Creating a healthy and safe environment for employees is a serious matter, and Athabasca Basin Security didn’t take a half-hearted approach. They made a major shift in their approach to safety and it is paying off.
Changes needed to be made in order to ensure employees were safe on the job. That’s why safety jumped to the top of the list when CEO Ron Hyggen and staff created a new strategic plan.
A budget was set aside to help reach goals and objectives.
“We invested by hiring a dedicated safety resource and developed a company-specific safety program rather than continuing the use of the construction-based safety program we had been using,” Hyggen explained. “The safety program had specific items that our team deemed vital to the success of the program.”
Taking its place was a safety orientation and video that explained the importance of working safely.
In addition, they implemented a manager and a supervisor to their training program. All managers and supervisors received one-on-one training with the health and safety executive manager to ensure a complete understanding of their safety program. As well, all staff must pass a competency test upon completion.
Other milestones included the development of a hazard registry outlining all hazards employees face at all sites; safety training and testing instituted for all frontline employees; a mandatory review of a safe work procedure at every weekly toolbox meeting.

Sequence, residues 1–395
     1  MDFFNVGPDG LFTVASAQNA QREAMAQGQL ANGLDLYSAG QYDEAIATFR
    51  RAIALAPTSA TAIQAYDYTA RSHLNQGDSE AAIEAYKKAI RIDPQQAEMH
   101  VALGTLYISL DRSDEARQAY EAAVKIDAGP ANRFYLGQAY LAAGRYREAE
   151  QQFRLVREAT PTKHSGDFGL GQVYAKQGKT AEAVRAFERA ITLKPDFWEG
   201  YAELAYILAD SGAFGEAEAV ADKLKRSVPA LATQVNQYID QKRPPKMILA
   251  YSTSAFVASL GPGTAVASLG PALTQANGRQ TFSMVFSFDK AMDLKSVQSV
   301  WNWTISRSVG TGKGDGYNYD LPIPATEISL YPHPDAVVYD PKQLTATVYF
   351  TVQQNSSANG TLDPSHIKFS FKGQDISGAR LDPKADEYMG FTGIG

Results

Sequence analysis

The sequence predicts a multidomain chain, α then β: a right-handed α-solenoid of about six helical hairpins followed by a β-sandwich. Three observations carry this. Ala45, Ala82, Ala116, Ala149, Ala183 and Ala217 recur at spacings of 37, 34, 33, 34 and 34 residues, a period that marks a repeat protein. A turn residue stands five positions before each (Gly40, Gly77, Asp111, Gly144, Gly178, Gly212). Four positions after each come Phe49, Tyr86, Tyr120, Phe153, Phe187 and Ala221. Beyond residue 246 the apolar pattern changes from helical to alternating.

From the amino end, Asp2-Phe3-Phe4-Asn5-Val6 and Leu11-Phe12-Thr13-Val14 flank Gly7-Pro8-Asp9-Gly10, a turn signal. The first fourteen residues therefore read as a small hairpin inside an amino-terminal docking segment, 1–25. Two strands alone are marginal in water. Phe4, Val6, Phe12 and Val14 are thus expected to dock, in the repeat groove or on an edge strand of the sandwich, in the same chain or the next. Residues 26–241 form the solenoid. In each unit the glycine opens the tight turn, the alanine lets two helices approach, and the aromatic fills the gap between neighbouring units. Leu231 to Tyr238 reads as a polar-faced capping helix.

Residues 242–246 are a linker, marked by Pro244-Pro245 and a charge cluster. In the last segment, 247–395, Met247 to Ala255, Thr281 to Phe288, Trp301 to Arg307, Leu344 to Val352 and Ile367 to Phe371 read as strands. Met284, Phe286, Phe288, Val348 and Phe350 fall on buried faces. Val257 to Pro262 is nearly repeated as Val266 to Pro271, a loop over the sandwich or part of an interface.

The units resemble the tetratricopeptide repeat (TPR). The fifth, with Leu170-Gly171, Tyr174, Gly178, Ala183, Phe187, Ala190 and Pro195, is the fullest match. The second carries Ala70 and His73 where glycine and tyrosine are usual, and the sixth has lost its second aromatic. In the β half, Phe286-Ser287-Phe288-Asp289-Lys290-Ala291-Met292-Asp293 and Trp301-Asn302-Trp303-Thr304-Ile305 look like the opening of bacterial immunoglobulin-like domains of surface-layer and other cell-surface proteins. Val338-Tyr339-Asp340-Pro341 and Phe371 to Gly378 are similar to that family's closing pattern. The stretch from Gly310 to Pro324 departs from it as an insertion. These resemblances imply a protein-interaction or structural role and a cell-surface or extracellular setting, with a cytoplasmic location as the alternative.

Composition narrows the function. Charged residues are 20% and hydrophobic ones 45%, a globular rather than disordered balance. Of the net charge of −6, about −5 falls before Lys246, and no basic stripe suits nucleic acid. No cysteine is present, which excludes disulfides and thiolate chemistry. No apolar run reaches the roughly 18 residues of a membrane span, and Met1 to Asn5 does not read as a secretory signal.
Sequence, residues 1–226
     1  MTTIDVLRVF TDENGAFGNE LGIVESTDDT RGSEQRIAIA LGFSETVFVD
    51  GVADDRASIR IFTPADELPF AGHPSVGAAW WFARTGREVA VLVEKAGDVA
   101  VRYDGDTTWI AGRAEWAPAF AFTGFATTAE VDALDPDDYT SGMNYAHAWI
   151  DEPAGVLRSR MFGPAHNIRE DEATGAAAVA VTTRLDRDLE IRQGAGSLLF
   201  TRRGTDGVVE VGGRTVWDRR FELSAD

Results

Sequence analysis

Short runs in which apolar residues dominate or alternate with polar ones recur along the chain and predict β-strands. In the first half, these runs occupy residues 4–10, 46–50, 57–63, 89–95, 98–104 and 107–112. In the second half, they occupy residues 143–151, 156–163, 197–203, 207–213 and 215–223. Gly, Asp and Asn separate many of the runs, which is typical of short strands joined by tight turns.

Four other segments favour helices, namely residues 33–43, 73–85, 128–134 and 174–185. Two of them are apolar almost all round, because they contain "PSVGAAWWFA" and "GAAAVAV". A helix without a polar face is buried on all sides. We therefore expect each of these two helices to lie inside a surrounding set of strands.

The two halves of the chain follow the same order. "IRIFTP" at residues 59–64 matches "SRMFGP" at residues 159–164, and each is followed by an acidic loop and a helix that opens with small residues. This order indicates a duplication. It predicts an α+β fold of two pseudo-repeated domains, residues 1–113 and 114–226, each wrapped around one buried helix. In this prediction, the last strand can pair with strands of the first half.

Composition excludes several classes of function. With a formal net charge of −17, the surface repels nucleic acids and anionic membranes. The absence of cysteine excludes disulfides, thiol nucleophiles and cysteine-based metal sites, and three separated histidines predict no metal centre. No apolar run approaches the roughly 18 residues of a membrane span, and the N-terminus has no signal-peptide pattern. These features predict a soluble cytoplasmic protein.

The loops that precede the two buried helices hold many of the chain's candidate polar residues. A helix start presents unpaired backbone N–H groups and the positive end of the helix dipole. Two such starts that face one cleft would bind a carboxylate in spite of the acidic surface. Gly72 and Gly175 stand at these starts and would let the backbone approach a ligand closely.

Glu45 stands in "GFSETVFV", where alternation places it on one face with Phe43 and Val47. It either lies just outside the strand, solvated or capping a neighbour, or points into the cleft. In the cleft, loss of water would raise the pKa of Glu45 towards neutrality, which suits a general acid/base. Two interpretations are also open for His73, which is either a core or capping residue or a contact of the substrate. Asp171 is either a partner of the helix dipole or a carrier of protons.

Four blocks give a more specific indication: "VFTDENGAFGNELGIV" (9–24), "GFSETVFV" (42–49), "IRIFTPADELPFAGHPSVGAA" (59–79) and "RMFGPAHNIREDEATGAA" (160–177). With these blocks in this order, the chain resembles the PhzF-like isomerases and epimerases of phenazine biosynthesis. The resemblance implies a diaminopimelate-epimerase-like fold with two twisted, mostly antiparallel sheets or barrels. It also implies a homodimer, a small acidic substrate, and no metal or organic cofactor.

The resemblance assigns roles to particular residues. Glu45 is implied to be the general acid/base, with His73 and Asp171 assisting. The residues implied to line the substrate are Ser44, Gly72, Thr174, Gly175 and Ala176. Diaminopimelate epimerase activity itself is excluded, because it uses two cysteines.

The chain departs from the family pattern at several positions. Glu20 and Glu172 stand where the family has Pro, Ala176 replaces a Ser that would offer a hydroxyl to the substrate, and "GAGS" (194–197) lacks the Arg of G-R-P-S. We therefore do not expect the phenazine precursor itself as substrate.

“Safety makes good financial sense,” Hyggen said. “A by-product of having a workforce that works safe is WCB rate discounts and time saved by not having to manage claims.
“We have a moral obligation to return employees to their families in the same health that we received them. It is the responsibility of every employer to do their absolute best in providing a safe place to work for their employees.”
As a result, Athabasca Basin Security has experienced a lowering of Workers’ Compensation Board rates every year since implementation of the safety program in 2012. It went from a surcharge to a discount of 30 per cent for 2017.
December 15, 2017 | Originally posted in SaskBusiness